We’ve all heard about the proliferation of online dating scams around common dating apps. However, a fairly recent case that led to the conviction of a New Jersey man provided a lens to the inner workings of these types of scams. Looking at the facts of this case can also provide important tips for dating apps and app users alike to help protect against scammers.
The New Jersey Online Dating Scam
This particular scam centered around New Jersey resident Rubbin Sarpong. He coordinated the work of a team of colleagues in New Jersey and Ghana to carry out a scam that involved the creation of many fake profiles on dating sites. Each of these fake profiles was created to portray a member of the United States military who the profiles claimed was stationed in Syria.
Sarpong and the other men behind these fake profiles would then spend time building relationships with people they connected with online, working to make them feel as if they were in love and in long distance relationships. Once they had gained the trust and confidence of victims, they would spring their scam on them.
The fake accounts would tell their romantic partners that they had discovered gold bars in Syria, but they needed money in order to ship them back to the United States. They would then ask for money to be sent by wire transfer, cashier’s check, or personal check. From 2016 to 2019, this online dating scam generated $2.1 million from over 40 victims, with much of the money being deposited into over a dozen bank accounts owned by Sarpong.
Federal Investigation Results in Arrest, Conviction of Sarpong
Sarpong was arrested in 2019 after a lengthy FBI investigation into the online romance scam. The toll on victims from the scam was highlighted by the case of one unnamed woman. A fake profile controlled by Sarpong claimed that he had over $12 million worth of gold but needed $93,000 in order to ship it back to the United States.
After the woman sent Sarpong the $93,000, he sent her back a photograph of an Israeli diplomat who he told her to meet at the Baltimore airport the following day. The criminal complaint against Sarpong noted he said the diplomat would bring her two trunks worth of “treasure.” However, the diplomat never showed up. The next day, the woman committed suicide.
Sarpong pled guilty to charges of tax evasion, conspiracy to commit wire fraud, and money laundering in 2021. Federal complaints revealed that he concealed over $1.1 million in earnings from the scam, resulting in tax evasion of over $390,000.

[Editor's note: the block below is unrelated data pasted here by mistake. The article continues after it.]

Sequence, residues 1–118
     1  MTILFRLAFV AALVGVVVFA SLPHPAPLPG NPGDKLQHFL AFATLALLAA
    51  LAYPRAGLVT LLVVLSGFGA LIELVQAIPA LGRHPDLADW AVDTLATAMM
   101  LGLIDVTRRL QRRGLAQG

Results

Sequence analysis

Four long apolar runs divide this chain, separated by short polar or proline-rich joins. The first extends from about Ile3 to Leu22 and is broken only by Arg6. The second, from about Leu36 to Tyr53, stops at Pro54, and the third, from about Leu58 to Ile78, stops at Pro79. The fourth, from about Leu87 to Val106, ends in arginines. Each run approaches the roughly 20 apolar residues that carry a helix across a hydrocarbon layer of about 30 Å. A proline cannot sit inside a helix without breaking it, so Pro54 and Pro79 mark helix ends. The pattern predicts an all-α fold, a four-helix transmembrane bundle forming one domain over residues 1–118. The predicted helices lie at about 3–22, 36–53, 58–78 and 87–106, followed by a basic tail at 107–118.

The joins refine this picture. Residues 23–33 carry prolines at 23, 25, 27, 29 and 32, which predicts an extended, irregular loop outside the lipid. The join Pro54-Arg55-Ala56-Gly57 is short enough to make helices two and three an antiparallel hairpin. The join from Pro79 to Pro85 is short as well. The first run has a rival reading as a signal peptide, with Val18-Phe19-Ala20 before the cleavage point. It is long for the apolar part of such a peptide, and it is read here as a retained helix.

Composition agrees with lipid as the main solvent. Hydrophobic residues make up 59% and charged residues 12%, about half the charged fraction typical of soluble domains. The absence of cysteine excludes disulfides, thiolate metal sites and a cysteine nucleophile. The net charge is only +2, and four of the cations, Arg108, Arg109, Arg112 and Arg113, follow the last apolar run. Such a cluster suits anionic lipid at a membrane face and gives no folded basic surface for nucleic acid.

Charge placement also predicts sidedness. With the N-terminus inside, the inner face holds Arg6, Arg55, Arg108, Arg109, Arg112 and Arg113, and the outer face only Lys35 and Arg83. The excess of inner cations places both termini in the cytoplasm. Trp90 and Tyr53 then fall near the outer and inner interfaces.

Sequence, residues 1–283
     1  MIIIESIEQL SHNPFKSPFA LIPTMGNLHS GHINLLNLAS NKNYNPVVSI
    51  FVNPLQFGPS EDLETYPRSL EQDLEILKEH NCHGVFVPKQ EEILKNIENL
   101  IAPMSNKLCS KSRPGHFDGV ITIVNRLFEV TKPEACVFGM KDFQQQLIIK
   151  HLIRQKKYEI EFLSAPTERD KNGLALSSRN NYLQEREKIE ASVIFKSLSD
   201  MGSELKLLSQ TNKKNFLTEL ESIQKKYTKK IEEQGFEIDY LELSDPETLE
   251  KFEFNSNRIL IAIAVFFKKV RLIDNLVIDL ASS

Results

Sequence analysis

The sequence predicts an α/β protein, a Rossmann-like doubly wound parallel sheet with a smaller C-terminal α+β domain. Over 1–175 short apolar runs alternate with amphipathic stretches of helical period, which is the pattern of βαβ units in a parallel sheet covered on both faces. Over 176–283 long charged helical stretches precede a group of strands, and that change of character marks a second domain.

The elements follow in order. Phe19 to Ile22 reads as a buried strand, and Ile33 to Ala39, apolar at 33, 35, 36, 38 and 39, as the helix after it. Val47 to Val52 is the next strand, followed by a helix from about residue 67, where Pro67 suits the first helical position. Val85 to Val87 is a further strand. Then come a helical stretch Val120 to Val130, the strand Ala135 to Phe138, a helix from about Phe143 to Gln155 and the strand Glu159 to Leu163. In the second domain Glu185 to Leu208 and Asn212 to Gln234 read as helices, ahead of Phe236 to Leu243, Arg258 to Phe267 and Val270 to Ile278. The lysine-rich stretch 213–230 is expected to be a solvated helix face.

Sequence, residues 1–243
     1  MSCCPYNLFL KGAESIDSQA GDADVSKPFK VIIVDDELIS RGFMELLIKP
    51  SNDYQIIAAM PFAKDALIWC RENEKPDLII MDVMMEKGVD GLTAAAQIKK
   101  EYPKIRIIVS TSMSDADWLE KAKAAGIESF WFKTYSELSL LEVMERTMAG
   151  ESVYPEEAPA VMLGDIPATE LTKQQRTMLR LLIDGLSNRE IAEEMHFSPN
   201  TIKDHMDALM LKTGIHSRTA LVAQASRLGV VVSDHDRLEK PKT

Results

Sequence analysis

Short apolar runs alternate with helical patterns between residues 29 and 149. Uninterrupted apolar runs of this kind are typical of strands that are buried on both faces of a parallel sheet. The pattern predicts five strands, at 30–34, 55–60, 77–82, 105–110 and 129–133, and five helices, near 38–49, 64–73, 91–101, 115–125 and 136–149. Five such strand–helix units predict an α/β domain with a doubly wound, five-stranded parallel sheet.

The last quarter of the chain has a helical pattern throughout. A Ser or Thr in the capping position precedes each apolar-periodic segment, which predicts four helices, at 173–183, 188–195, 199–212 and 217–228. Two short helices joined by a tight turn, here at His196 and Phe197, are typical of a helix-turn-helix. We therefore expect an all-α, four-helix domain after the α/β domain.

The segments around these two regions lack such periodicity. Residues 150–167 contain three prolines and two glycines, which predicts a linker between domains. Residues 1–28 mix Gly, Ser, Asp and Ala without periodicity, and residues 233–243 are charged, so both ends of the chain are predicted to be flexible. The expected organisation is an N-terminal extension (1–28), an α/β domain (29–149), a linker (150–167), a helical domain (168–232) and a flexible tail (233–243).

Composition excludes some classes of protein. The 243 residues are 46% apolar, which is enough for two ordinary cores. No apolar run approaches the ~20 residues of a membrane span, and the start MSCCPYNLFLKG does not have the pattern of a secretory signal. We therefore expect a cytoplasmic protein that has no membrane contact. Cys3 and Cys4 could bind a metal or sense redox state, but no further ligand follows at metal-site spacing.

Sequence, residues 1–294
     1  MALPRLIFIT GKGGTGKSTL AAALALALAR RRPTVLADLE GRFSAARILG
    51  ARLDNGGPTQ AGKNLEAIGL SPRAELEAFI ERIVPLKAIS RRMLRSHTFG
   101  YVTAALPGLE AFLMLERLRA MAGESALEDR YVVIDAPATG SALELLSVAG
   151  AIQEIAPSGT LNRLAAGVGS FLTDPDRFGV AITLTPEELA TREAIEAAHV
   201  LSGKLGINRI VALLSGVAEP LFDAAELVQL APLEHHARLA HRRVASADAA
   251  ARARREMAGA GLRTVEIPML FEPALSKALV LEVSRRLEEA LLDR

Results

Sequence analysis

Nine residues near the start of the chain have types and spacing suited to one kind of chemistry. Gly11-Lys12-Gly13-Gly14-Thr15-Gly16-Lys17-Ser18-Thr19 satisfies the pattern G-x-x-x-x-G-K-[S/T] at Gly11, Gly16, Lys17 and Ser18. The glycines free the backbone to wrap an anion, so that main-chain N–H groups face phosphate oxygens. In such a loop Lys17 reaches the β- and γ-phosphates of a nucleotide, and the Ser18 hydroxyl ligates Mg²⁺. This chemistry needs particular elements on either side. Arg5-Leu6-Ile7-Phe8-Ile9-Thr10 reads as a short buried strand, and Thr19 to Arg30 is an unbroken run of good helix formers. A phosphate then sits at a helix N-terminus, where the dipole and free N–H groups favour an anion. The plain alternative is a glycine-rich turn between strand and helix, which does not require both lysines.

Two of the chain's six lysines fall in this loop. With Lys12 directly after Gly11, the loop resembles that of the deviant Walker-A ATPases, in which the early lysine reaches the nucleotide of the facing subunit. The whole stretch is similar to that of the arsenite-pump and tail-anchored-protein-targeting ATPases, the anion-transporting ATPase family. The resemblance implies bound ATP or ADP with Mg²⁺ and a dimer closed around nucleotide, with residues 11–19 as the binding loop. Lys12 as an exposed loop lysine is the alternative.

In 2022, he was sentenced to 14 years in federal prison as well as three years of supervised probation upon release. He was also ordered to pay over $3 million in restitution to 36 victims. Key evidence in the federal case involved numerous social media posts depicting Sarpong with expensive cars and large amounts of cash despite not reporting having a job during the time that the scam occurred.
Tips for Avoiding Romance Scams
This case illustrates the depth that scammers will go to in order to get money out of victims, convincing them they’ve found their true love before striking. It also reveals the need for both dating sites and dating app users to take precautions to prevent this from happening.
For dating apps, a key step to mitigating romance scams involves better validation of profiles. This means that dating sites must take swift action to investigate any profiles flagged by users as potential scams. Additionally, dating apps should provide a way for users to validate their profiles (such as the check marks offered by many sites like Bumble and Tinder) and educate users about this.
Meanwhile, dating site users need to be aware of a number of red flags when it comes to romance scams. Users that appear to quickly profess their love is one sign. Another sign to look out for involves profiles where the person is a large distance away, such as in this example where accounts posed as members of the military stationed overseas. This is often done in order to make it easy to explain why the scammer is unable to meet or video chat with a potential victim.
Additionally, dating app users should be highly suspicious any time someone they have met on a dating app asks them to send money. They should be particularly cautious if they are asked to send a large amount of money, if they have never met the user in person, or if the explanation for the reason why money is needed is related to receiving large amounts of money or a catastrophic occurrence. These are almost always major signs of romance scams. By knowing the signs of romance scams, you can keep yourself safe.